(Host) Commuters traveling on Interstate 89 north to Chittenden County should expect delays for much of May, as the state transportation agency works to repair the roadway.
Drivers on this section of the Interstate already know the problem. On French Hill, heading north from Richmond, the road surface dips sharply. For the ‘uninitiated’, the mammoth dip can stretch a car’s suspension and send coffee cups flying.
John Zicconi is a spokesman for the Agency of Transportation. He says traffic on the northbound side of the Interstate will be limited to one lane beginning May 12th while repairs are made.
(Zicconi) We’re not going to sugarcoat this one. We expect the delays to be significant.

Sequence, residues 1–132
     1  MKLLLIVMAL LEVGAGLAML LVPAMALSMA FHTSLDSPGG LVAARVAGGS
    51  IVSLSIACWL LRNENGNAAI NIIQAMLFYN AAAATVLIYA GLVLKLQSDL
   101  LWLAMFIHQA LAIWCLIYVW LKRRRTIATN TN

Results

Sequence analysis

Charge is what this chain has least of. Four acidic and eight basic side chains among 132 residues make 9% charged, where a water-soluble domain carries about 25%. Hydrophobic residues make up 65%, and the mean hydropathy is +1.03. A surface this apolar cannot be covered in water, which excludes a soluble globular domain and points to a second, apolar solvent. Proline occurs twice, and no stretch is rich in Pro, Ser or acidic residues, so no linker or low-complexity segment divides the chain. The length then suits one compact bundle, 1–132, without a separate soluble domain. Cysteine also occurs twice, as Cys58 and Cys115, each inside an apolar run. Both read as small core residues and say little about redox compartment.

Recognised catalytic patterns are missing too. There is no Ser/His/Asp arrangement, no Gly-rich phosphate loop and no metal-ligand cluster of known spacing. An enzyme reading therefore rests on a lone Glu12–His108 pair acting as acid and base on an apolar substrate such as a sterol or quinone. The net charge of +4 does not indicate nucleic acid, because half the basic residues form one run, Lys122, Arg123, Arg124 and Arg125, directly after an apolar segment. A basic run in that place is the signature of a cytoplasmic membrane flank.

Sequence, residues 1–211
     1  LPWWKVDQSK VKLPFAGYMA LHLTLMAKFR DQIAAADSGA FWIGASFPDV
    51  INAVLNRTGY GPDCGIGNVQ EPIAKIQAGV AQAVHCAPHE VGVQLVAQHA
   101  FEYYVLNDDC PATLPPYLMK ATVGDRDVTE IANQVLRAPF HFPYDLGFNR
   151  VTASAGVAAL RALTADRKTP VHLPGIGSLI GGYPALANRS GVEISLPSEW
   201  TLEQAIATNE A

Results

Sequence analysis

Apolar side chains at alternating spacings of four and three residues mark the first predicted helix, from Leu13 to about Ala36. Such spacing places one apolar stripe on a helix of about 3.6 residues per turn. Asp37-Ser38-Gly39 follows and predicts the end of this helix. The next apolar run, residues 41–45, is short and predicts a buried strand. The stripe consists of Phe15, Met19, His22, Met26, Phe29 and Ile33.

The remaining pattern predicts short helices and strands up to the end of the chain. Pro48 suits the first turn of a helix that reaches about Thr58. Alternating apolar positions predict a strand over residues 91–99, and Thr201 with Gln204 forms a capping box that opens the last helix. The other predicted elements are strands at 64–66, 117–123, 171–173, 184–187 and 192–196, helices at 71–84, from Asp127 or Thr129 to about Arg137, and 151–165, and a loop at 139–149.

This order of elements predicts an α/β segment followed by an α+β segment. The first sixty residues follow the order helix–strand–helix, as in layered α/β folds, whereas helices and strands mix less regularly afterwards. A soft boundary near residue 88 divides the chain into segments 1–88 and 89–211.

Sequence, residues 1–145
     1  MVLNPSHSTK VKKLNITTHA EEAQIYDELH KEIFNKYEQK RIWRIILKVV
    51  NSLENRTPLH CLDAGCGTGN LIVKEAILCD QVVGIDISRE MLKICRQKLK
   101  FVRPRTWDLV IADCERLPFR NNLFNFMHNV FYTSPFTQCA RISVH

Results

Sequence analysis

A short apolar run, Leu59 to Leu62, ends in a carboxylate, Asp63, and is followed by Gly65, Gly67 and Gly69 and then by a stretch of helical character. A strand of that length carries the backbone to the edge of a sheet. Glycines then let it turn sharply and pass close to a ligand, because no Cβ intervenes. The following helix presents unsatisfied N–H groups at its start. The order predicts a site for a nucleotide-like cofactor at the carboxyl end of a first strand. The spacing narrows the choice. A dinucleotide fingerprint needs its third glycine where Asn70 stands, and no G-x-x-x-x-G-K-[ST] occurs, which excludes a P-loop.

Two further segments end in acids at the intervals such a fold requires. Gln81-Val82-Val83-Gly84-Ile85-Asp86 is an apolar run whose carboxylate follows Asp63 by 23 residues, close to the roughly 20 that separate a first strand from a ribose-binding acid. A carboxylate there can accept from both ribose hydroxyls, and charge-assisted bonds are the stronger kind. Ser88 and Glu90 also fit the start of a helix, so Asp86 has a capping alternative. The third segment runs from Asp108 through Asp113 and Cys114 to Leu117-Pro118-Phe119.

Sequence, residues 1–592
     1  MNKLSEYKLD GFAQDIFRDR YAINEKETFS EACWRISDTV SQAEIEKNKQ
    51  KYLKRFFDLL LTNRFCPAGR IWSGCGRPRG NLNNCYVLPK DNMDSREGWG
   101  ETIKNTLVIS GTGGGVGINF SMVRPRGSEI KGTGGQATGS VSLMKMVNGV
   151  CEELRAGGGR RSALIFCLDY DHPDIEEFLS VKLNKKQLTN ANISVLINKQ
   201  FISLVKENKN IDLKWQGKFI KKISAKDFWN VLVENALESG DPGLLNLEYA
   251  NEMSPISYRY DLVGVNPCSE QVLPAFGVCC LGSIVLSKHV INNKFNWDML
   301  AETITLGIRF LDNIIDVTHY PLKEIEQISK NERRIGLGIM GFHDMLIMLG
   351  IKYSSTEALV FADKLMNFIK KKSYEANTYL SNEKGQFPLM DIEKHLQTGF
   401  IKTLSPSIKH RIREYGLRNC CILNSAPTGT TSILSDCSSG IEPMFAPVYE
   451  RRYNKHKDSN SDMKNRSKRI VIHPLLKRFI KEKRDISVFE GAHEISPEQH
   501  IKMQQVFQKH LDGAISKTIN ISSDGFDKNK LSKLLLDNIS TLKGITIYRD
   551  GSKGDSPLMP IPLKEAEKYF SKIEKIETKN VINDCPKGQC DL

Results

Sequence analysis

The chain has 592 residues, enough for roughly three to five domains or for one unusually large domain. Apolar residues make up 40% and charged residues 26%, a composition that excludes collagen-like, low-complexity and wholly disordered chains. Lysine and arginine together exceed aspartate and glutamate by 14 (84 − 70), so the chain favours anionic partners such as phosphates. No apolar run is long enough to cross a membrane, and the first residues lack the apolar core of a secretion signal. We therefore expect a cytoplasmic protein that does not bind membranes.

(Host) Road crews will work around the clock, seven days a week. But one lane will still have to be closed for about two weeks. Zicconi said traffic could back up for a mile or more.
To help motorists manage their travel time, the state will use road-side message boards – and its web site – to provide real-time information about the delays.
(Zicconi) We will monitor things very closely, and we will react quickly. But the thing we wanted to let people know is that no matter how you slice it, there are going to be delays. And especially during peak times, there’s a significant chance for lengthy delays. And we want people to know ahead of time and do what they can to alter their schedule so they are inconvenienced as little as possible.
(Host) Zicconi said the dip was caused by the ‘sub-base’ shifting underneath. Highway engineers don’t know why that happened. But in order to repair the problem, workers have to dig down to the sub-base and re-build about 500 feet of road.